December 21, 1757
Dear Mr. Avenger,
In your last, you told me of a witty Author of your Age (Mr. ORWELL, I believe you call’d him), who declar’d that by his fiftieth Year, every Man hath the Face he deserves. This is more than mere Wit on your Author’s Part, for only a little Reflexion will convince us that that Action which is oft repeated, over a Course of many Years, must needs leave its Traces upon a Man’s bodily Constitution. We ought not to be surpriz’d in discovering that the angry cholerick Man, who inclines much to Displays of Rage, being oft flushed, will carry with him a perpetual redness of visage, even in his cooler Hours. And your gloomy and splenetick Fellow, being much given to the furrowing of his Brow, will in Time find he hath carv’d deep Furrows thereon. Indeed, I once knew a Man, of this Neighbourhood, a Drunkard and perpetual Gin-Sot, whose Hand had cramp’d it self into a veritable Claw from the constant grasping of his Mug, which he was never without. He hath long since pass’d from this Vale of Tears, a Martyr to his particular Vice, his Children put upon the Parish.
Not only will our outward Actions, by much Repetition, produce alterations of the outward Body, but our inwards, that is, our Passions and Affections, if they be swol’n to steady Dispositions, will also work their inevitable Effects upon the outward Physiognomy. It is for this Reason that my Lord VERULAM declar’d that “the Lineaments of the Body do disclose the Disposition and Inclination of the Mind in general” [Francis Bacon, Of the Proficience and Advancement of Learning (1605), Second Book, IX.2 — Ed.].
The reading of Character from Body and Countenance is not modern Philosophy, but rather ancient Lore. We read in the courtly SENECA that omnia rerum omnium, si observentur, indicia sunt et argumentum morum ex minimis quoque licet capere: inpudicum et incessus ostendit et manus mota et unum interdum responsum et relatus ad caput digitus et flexus oculorum. Inprobum risus, insanum vultus habitusque demonstrat [“all acts are always significant, and you can gauge character by even the most trifling signs. The lecherous man is revealed by his gait, by a movement of the hand, sometimes by a single answer, by his touching his head with his finger, by the shifting of his eye. The scamp is shown up by his laugh; the madman by his face and general appearance” Epistles 52.12 — Ed.]. (You shou’d know, my good Avenger, that in the Roman Times, scratching the Head with one’s little Finger was taken as a sure Sign that a Man was a Molly, that is, a Member of that infamous Race of Woman-Haters, practisers of that abominable Vice which shou’d ever be passed over in Silence.) In time, these outward Signs of Character become stamp’d upon us through much Repetition. Whether we will or no, in the very process of Age, we reveal our Minds to the World; our Souls are laid bare to Friend and Foe alike through our Habits and steady Dispositions.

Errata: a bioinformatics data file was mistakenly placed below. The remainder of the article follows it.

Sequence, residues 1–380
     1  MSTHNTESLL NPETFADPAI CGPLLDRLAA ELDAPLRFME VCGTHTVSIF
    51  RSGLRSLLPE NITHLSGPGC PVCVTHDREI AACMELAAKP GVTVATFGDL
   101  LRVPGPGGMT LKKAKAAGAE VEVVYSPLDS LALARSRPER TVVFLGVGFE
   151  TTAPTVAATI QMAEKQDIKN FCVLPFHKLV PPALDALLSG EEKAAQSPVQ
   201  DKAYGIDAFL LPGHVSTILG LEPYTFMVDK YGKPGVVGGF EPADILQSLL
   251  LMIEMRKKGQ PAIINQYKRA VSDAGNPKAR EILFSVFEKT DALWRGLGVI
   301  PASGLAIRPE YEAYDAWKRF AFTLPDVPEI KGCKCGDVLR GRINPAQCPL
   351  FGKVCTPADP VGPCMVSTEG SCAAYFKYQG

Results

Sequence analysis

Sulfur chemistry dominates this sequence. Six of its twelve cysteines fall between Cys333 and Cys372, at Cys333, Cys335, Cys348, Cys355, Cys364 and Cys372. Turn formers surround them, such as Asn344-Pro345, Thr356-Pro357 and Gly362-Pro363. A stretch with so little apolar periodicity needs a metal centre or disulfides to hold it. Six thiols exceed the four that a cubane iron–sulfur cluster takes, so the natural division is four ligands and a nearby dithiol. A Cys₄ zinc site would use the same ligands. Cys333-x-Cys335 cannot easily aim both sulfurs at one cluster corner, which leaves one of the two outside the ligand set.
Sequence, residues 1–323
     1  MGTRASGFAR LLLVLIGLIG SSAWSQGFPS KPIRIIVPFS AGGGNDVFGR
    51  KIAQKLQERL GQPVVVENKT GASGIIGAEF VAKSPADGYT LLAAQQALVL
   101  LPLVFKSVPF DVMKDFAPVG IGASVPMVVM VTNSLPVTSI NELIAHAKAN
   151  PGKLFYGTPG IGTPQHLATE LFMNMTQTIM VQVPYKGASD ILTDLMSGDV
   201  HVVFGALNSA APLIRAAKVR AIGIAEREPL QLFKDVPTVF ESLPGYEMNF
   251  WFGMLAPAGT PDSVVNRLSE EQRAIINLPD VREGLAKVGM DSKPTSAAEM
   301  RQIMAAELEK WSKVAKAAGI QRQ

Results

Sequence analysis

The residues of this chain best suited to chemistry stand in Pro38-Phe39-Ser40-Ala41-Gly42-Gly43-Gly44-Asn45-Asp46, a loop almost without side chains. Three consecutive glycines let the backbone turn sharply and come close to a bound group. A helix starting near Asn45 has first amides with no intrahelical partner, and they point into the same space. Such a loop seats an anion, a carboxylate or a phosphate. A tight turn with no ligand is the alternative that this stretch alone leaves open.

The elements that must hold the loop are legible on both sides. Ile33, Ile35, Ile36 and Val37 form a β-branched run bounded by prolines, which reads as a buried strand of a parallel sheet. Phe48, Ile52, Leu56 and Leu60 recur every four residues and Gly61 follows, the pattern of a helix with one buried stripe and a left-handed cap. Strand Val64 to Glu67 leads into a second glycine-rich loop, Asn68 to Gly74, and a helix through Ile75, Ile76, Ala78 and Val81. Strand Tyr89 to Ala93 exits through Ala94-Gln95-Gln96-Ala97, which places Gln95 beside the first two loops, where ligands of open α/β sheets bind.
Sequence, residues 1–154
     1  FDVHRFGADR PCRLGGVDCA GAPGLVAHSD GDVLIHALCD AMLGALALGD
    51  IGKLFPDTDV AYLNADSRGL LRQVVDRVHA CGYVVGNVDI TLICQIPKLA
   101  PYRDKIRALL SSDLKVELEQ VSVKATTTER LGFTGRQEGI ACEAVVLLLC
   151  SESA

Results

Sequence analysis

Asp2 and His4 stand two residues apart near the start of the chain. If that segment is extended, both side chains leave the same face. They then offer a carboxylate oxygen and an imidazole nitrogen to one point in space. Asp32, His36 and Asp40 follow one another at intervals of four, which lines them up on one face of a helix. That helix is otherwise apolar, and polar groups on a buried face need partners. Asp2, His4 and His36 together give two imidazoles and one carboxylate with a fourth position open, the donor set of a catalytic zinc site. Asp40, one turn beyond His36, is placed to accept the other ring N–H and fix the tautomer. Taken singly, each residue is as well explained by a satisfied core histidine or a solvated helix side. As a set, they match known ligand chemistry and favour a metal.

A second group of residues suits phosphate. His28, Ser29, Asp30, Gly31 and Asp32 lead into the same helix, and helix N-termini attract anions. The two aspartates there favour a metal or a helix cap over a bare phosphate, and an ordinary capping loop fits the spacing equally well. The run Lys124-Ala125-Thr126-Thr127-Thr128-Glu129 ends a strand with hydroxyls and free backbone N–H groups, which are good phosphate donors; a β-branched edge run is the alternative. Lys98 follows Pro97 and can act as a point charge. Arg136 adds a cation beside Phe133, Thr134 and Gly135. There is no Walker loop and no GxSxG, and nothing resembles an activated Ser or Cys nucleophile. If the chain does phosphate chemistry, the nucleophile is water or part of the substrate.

You see, we wear Footpaths upon our Bodies in the Course of our Doings. Both our Virtues and our Vices leave their indelible Marks. And so it is that nec auguria novi nec mathematicorum caelum curare soleo, ex vultibus tamen hominum mores colligo, et cum spantiantem vidi, quid cogitet scio (PETRON. Satyr. 126) [“I know nothing of omens, and I never attend to the astrologer’s sky, but I read character in a man’s face, and when I see him walk, I know his thoughts.” Petronius Arbiter, Satyricon, ch. 126 — Ed.].
But the Relation of Cause and Effect may also run in the reverse Direction, from the Body to the Mind. That ill Action which is oft repeated will beat a Path to ease the Way for its after-Travellers, the Result being a well-worn Road to customary Vice. Where we once stick at committing some one Indiscretion the first Time, the third, fourth, or fifth Time finds our Will less reticent and more yielding, until she hath become a very Courtizan of easy Virtue. Whence it is that my Lord SHAFTESBURY justly observes that “the least step into Villainy or Baseness, changes the Character and Value of a Life” (Characteristicks Vol. I, p. 121).
The difficult Passage of the first Traveller invariably makes the Passage of the next Traveller just so much easier. And if enough Time be not left for the Thickets and Brambles to grow back, the soil becomes packt, trodden down, and instead of a mere Footpath, a fixt and permanent Road is form’d. As the divine EPICTETUS warns us, “the man who has had a Fever, and then recover’d, is not the same as he was before the Fever, unless he has experienced a compleat Cure. Something like this happens also with the Affections of the Mind. Certain Imprints and Weals are left behind on the Mind, and unless a Man erases them perfectly, the next time he is scourged upon the old Scars, he has Weals no longer but Wounds” [Discourses, II.18 — Ed.].
To bring this my tedious Lesson to a close, it is wise Advice when ’tis said that if we wish to gain knowledge of a Man’s Vices, we shou’d canvass his Enemies; if we wou’d know more of his Virtues, we shou’d speak with his particular Friends; and where we wou’d know about his Habits, Customs, and Times of coming and going, we shou’d press his Servants. But no little Intelligence can be glean’d of all these things by the mere observing of his Outwards, his Form, his Countenance, and his Frame.
I am, Sir, as allways, your Servant,
Jos: Darlington, Esq.